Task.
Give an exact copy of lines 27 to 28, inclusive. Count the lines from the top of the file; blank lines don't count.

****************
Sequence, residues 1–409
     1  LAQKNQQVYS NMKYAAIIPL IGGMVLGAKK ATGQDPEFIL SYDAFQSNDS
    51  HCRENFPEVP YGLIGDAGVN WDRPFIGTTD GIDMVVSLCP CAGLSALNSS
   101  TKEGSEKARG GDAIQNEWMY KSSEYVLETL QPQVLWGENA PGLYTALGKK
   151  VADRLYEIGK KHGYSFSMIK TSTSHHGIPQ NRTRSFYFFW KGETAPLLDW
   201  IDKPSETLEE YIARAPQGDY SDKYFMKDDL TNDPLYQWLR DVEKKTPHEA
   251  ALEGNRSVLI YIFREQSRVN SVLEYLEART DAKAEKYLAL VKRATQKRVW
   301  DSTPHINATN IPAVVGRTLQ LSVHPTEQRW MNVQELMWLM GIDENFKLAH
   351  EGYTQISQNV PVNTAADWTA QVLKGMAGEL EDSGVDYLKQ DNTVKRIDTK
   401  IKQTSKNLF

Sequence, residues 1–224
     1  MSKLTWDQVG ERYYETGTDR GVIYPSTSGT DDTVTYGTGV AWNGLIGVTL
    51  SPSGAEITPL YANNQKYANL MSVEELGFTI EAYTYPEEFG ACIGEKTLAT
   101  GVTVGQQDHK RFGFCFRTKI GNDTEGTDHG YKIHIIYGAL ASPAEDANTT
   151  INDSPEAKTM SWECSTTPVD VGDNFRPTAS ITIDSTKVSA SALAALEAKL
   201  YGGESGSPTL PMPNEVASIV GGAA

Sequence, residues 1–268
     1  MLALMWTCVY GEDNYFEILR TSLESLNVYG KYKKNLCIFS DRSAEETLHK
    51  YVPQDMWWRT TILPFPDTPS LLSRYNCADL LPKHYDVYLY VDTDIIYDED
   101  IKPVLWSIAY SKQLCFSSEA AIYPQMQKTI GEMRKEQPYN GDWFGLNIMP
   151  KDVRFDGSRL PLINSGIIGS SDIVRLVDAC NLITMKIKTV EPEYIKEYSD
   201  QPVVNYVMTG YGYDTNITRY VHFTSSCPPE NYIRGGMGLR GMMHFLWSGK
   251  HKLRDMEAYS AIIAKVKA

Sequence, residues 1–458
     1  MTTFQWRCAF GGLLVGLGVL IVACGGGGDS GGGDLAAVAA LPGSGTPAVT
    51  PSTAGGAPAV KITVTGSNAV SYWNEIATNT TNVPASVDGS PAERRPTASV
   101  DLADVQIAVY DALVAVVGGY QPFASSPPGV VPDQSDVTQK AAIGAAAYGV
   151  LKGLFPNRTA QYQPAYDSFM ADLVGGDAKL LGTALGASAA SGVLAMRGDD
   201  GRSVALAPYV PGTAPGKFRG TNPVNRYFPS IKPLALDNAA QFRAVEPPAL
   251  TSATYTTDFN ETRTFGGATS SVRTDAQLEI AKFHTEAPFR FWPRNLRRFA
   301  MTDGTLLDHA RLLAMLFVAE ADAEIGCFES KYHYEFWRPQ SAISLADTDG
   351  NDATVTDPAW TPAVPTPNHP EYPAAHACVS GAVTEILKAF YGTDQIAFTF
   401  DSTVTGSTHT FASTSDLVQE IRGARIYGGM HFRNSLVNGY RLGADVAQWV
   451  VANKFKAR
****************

   101  DLADVQIAVY DALVAVVGGY QPFASSPPGV VPDQSDVTQK AAIGAAAYGV
   151  LKGLFPNRTA QYQPAYDSFM ADLVGGDAKL LGTALGASAA SGVLAMRGDD